Nadia and Shiro are hybrids that conceivably can produce pollen but sonetimes could for me only on other plum types. Under magnification the pollen looks pretty scantly populated too.
As far as pears. Even though flowers got covered in snow there had been a seller pollinated crop. It was nice to not need thinning for the first time. It's Janpanese (Asian, round, or nashi) pears which tend to self pollinated by touching pistils to anthers within the flower.
The only sweet cherries I get this year are those I could reach flowers for with a brush.
I forgot to mention Shiro. Its got a full load, but won't need as much thinning as the last couple of years. Its very reliable. As I assume Beauty will be here, once it starts bearing.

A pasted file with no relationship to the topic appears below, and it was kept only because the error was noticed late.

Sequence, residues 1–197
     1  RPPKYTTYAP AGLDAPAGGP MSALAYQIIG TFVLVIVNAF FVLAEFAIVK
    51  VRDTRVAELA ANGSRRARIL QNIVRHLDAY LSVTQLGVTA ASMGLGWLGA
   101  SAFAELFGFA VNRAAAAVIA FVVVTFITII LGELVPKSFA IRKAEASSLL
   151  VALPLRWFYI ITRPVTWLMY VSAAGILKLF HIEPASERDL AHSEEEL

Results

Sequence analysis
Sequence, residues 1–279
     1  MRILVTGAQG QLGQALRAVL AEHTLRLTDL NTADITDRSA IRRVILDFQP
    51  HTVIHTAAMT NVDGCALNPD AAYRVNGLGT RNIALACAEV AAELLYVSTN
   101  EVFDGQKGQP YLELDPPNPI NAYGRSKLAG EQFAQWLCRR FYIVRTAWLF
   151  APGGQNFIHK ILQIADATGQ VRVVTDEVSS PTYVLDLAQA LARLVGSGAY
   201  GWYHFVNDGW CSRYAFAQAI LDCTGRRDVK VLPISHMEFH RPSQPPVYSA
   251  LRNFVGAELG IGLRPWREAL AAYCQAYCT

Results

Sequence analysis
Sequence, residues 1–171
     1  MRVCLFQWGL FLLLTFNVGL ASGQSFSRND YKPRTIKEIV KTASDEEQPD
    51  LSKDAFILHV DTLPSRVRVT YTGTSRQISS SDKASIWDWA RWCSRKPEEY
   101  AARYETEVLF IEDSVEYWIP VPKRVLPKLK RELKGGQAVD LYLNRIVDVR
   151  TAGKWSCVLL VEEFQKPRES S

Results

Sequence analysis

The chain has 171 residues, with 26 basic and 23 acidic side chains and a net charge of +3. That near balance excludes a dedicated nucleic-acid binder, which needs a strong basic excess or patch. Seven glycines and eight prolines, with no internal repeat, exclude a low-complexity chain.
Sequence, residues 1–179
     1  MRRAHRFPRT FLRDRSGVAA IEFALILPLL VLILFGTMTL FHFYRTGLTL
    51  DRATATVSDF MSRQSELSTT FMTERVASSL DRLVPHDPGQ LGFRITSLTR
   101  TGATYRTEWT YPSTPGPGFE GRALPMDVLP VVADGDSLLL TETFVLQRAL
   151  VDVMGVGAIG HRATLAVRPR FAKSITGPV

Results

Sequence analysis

SE PDX sweet cherry trees in parking strips have significant crops, are currently dropping good-looking fruit.
There were a lot of bumblebees (2 species) around last spring, very active on cool days where few or no honeybees present.
We picked our first red raspberries a few days ago, 10 days behind 2021 date.
Our cherries are minimal compared to last year and still green. This time last year I was eating them and just about done. Had some from the farmers, they were very good. I wish I had asked what the berry farmers are growing by tree, maybe next week.
Chris in Philomath
John do you get much bird pressure on your currants?